Iris Jenssen, Sophia Pitrowski claim the time for sustainability is now

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Iris Jenssen, Sophia Pitrowski

Iris Jenssen and Sophia Pitrowski are committed to helping the earth heal and humans adapt their behavior towards sustainability.

Olivia Theaker, Features Department Editor

Over the last few years, Iris Jenssen, junior at Arroyo Grande High School (AGHS), has developed a strong passion for protecting the environment and living sustainably. Through her own life, and the development of the Sustainability Club, which she created with her friend Sophia Pitrowski, Jenssen hopes to inform others of the importance of acting against climate change and other environmental issues, as well as inspire those around her to make small changes in their lives in order to help protect the planet. 

“As an individual, I think living sustainably is being conscious of what goes into everything you do. I think awareness and recognition are the most important things,” claimed Jenssen. 

One way Jenssen practices awareness is by thinking about the truth behind what she purchases and the necessity of her consumption. 

“Over this year I’ve just been able to recognize more in different parts of my life like, ‘do I really need this thing?’” began Jenssen. “[When I go to buy something like a shirt] I think about all the water that went into it, the cotton, the process of dying it, all the pollution, and I’m like ‘You know what? I don’t really need this.’ So I think that awareness level is the most important thing that any of us can do.”

In addition to the environmental consciousness Jenssen holds, she uses a variety of  methods to help reduce her negative impact on the environment. For example, in these past few years, Jenssen has reduced her consumption of animal products and started composting. Jenssen explained that she feels composting is valuable as it provides both personal and societal benefits.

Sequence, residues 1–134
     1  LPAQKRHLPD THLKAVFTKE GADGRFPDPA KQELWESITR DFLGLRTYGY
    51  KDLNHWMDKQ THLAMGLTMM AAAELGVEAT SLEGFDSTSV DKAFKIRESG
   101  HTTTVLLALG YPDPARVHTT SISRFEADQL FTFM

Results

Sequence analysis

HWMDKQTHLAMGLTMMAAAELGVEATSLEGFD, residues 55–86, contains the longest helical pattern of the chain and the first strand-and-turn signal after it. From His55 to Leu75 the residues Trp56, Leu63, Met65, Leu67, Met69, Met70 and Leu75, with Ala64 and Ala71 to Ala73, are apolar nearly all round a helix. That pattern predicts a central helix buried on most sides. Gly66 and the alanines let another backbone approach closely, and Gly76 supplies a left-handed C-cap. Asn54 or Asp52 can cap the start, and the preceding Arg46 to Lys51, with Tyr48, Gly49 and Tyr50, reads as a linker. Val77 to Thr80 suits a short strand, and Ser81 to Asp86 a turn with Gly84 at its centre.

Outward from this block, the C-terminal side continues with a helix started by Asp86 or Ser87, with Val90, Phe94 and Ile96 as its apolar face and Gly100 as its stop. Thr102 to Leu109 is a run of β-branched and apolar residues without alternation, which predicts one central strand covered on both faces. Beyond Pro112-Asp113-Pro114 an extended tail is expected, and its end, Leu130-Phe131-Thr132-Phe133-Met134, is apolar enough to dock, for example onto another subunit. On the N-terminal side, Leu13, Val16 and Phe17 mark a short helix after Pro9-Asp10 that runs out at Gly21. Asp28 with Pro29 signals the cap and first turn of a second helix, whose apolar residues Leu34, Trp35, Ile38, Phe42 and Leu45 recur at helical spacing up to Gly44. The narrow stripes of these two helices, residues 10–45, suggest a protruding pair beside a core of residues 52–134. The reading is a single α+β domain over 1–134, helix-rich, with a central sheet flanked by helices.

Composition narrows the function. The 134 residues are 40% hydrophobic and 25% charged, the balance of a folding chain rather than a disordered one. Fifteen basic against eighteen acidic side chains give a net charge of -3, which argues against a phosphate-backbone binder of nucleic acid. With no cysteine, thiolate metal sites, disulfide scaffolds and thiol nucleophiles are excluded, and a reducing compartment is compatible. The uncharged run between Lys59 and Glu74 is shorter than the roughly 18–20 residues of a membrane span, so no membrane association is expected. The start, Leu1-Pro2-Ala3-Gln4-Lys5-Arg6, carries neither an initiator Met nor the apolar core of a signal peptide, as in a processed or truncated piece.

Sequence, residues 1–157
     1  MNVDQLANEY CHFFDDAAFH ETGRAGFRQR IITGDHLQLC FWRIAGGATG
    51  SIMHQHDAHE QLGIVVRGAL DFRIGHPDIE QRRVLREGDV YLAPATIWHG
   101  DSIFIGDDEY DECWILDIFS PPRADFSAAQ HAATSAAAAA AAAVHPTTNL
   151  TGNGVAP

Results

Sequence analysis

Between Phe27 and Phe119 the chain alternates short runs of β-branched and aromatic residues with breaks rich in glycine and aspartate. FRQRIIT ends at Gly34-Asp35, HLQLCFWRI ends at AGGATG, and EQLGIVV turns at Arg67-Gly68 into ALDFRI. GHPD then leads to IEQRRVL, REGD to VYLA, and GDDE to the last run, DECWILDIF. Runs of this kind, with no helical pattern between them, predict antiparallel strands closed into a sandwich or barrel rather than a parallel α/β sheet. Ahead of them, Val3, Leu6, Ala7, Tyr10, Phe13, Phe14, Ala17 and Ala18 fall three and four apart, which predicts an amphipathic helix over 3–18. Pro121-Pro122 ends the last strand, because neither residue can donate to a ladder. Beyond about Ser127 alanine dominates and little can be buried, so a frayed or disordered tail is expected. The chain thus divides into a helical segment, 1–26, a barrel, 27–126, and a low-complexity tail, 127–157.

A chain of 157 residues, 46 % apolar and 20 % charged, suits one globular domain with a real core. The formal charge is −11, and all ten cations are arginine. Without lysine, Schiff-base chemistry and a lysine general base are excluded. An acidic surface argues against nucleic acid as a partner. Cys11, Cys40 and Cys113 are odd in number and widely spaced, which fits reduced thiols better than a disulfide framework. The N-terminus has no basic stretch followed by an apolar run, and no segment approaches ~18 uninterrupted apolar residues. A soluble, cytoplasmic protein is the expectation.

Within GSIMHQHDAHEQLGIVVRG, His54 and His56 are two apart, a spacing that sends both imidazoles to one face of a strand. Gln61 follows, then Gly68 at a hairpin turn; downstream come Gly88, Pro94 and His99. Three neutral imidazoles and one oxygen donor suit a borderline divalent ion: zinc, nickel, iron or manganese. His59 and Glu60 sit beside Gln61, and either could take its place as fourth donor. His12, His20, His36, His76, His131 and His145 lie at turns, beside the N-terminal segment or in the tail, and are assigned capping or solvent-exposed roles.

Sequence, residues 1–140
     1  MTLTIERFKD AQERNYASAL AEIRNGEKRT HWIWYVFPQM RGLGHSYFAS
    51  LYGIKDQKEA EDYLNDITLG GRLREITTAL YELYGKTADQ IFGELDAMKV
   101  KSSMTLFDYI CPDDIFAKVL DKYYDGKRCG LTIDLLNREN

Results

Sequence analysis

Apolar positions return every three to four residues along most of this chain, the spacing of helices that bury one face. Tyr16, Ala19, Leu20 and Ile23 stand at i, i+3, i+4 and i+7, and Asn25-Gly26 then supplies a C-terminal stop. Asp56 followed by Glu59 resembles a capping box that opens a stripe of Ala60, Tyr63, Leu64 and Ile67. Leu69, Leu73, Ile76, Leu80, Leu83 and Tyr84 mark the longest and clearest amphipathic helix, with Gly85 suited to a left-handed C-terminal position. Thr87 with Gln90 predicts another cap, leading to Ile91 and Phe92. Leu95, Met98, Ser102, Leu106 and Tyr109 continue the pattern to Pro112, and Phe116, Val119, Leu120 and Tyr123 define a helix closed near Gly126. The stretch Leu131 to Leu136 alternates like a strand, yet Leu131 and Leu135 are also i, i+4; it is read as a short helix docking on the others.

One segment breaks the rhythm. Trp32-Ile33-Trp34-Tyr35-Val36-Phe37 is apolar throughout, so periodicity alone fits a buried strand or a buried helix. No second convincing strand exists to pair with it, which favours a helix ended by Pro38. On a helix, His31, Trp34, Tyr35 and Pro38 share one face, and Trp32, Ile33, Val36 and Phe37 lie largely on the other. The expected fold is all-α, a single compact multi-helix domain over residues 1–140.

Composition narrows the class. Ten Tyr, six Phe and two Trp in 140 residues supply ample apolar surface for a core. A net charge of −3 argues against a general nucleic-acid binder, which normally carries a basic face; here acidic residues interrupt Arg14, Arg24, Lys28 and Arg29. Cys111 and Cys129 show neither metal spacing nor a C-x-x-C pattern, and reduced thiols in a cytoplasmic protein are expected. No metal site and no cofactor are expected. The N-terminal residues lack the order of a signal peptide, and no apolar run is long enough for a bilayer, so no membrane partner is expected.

“I use [compost] to support my garden which provides me with food with no agricultural pollution or pesticides. And the bigger thing is food waste. I don’t think a lot of people realize this but when you throw food away in the trash and it goes to the dump, it gets trapped between plastics and there’s no air flow or anything, so it’s decomposing, but it’s actually releasing methane, which is much stronger of a greenhouse gas than carbon dioxide,” said Jenssen. “By composting, we have our bin and there is air moving with carbon which is the browns like dead leaves, sticks, and woodchips and then the greens which is my food waste. That works together to prevent all of those emissions from the dump.” 

The self-fulfillment Jenssen receives from implementing sustainable strategies is evident through her excitement and knowledge of the subject. Jenssen has been lucky enough to share this joy with a family who supports her and shares her desire to put good into the environment. 

  “The environment is always something I have been interested in, so I talk about it, I am excited about it…I talk about it with my family. I tell them all this stuff I learned, I tell them all the things I want to do, and they help support me in it,” explained Jenssen. 

Jenssen is personally motivated by her own research, but her compassion for nature has developed from her family’s practices as well.

“My family has definitely always been conscious. We have always been really into nature and connecting with it and recognizing how magical it is. So, I think that is definitely a factor as well. [Through exposure to nature,] I see these pelicans and otters and how amazing they are and smart they are, and it’s really motivating. You don’t want them to all go extinct.”

It’s clear nature holds a special place in Jenssen’s heart and her thirst to learn more about it every day feeds her passion to make change. 

Jenssen stated, “I would say my awe of nature and how incredible it is, and how diverse, and interesting, and important it is is a huge factor. Just being out in the ocean or on hikes, I just respect [nature] and want to protect it.”